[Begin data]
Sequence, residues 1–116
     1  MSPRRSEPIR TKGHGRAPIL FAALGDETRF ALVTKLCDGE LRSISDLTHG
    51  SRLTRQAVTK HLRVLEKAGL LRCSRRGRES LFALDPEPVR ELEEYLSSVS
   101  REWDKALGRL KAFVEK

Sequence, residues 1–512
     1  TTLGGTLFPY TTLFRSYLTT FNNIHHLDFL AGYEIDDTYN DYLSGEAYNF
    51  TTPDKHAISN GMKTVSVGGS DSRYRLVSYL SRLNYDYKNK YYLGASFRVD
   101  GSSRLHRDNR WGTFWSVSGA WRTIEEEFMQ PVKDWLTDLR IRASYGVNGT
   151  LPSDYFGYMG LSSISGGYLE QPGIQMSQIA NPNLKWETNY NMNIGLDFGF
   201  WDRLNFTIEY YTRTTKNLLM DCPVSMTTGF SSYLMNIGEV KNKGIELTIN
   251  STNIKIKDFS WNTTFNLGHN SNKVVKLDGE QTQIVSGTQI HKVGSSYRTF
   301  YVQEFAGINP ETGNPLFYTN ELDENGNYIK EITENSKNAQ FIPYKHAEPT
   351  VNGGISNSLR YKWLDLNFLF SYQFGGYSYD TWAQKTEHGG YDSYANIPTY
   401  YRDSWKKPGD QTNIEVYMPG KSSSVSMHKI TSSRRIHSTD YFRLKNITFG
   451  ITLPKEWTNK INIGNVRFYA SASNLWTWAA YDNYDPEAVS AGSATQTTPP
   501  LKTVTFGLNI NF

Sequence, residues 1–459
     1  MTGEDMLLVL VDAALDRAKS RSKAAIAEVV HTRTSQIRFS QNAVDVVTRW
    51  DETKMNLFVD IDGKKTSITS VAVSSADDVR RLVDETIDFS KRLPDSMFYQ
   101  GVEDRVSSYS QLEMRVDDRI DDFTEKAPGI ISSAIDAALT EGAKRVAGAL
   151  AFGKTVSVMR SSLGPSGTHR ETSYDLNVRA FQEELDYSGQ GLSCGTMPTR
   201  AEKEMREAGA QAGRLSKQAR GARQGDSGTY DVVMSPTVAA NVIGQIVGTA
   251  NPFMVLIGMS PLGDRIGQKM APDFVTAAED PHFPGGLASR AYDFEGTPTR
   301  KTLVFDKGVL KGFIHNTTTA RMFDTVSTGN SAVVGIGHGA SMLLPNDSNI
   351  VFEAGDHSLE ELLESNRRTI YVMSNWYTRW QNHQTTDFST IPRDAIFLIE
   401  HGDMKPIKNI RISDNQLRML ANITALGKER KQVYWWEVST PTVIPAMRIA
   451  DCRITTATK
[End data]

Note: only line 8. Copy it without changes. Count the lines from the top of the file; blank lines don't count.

   101  GSSRLHRDNR WGTFWSVSGA WRTIEEEFMQ PVKDWLTDLR IRASYGVNGT